Gender gap in MBA program improves, lags behind top business schools

Ashley Tsao

The gender gap in the McCombs School of Business MBA program is decreasing but still remains larger than other top business schools in America.

The gender gap between men and women in MBA programs is a national issue. Fortune magazine reported women make up roughly 39.1 percent of the 2017 class at the top dozen American business schools, but McCombs’ percentage of women is lower. For the full-time MBA program’s latest class, 29 percent of the applicant pool was female while 32 percent of the enrollment was female, according to Rodrigo Malta, director of admissions for the MBA program.

“Our class enrollment tends to reflect the applicant pool we have for any given year,” Malta said.

Graphic by Iliana Storch | Daily Texan Staff

According to Emily Amanatullah, bus iness management assistant professor,the gap can be attributed to the supply and demand of women in business administration positions.

“Women entering the field of business experience a barrier because they see business as a more masculine environment and don’t think they fit,” Amanatullah said. “There is an assumption that jobs dominated by men are better suited for men, so women end up seeking degrees and work in female-dominated industries.”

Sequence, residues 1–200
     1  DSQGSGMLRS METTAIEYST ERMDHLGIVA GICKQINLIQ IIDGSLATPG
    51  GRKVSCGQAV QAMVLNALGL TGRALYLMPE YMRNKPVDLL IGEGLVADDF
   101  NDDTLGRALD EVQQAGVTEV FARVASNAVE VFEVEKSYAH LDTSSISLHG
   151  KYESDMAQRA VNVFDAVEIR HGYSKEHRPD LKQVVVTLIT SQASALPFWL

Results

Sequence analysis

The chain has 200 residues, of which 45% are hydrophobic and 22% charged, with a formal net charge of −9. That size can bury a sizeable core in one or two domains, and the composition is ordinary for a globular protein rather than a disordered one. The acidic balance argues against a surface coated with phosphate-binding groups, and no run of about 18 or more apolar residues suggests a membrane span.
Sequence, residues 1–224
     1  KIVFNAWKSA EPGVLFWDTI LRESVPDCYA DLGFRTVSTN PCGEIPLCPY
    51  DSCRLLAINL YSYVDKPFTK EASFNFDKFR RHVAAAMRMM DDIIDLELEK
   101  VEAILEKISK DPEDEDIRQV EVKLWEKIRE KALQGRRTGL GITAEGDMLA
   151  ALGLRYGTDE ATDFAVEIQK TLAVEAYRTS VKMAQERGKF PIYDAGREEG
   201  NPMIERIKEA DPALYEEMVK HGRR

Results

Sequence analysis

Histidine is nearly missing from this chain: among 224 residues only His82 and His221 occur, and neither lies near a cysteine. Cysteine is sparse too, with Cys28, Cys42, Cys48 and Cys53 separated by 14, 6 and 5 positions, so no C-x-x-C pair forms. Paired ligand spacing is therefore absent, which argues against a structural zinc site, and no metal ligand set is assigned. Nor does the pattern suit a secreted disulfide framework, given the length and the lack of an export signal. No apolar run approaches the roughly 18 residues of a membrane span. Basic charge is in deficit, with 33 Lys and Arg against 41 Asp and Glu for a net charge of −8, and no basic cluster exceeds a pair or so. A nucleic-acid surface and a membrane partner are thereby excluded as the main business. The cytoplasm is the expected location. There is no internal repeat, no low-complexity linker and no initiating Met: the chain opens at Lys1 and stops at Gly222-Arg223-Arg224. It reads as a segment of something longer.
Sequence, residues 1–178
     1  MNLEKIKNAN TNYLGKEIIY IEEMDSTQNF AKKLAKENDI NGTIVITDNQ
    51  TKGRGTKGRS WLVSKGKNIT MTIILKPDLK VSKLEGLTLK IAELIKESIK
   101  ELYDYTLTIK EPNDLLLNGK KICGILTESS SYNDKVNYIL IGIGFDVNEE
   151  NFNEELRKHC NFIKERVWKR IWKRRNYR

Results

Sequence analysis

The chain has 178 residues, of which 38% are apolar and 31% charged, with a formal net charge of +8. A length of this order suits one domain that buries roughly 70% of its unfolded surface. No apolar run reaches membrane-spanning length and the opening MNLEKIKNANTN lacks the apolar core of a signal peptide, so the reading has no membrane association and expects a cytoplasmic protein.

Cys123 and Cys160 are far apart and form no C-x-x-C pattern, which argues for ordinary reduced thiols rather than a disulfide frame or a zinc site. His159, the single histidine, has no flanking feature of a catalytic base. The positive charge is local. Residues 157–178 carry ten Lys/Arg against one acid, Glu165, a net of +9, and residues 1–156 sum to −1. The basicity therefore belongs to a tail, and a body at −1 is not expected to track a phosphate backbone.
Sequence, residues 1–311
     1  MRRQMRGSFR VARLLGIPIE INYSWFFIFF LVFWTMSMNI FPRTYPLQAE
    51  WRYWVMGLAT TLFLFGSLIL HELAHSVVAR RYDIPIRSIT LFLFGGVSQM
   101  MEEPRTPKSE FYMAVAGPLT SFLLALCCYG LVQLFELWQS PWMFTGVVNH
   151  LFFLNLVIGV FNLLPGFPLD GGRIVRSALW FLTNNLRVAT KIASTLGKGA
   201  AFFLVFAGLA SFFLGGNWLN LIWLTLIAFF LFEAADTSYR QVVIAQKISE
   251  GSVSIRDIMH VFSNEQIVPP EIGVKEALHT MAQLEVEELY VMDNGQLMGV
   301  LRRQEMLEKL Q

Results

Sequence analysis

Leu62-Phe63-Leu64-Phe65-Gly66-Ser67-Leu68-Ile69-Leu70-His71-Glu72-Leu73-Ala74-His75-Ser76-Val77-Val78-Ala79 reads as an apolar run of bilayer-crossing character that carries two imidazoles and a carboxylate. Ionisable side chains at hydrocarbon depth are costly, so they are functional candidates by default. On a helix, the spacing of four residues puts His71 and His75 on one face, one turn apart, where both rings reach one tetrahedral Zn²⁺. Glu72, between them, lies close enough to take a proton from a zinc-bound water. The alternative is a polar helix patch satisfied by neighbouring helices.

The expectations for men and women in the workforce are different, Amanatullah said.

“For women to be perceived as competent, they have to overexert themselves, but when women do that they incur a social punishment,” Amanatullah said. “If men and women both act the same way, if they both act masculine, women are seen as less likable. While men would be seen as assertive, women would be seen as aggressive. It’s a ‘damned if you do, damned if you don’t' situation.”

In an effort to reduce the gender gap in its MBA program, McCombs helped to found and remains associated with the Forté Foundation, a national nonprofit seeking to increase the number of women business leaders. Through the Forté Foundation, McCombs offers informational fairs, scholarships and networking opportunities to women interested in getting their MBA, Malta said.

According to Malta, UT holds Texas MBA Women’s Forums, an annual on-campus recruitment event tailored for female prospective students.

Amanatullah suggests the best way to reduce the gender biases is to acknowledge them.

“If you don’t admit it, you’re just putting a Band-Aid on the issue,” Amanatullah said. “Instead of focuses on differences, institutions need to focus on the similarities. Often, a hypersensitivity to the differences between men and women only helps to accentuate them.”

There are empirical studies that demonstrate women in high-level executive positions bring nothing but financial benefits, according to Amanatullah.

Accounting professional program senior Fizza Samad said she has never personally experienced gender bias, but there are many careers such as investment banking where there is not enough representation for women.

“It is important for UT students to recognize this issue because these people will be future business leaders,” Samad said. “So they need to recognize there is a gap and that it shouldn’t continue.”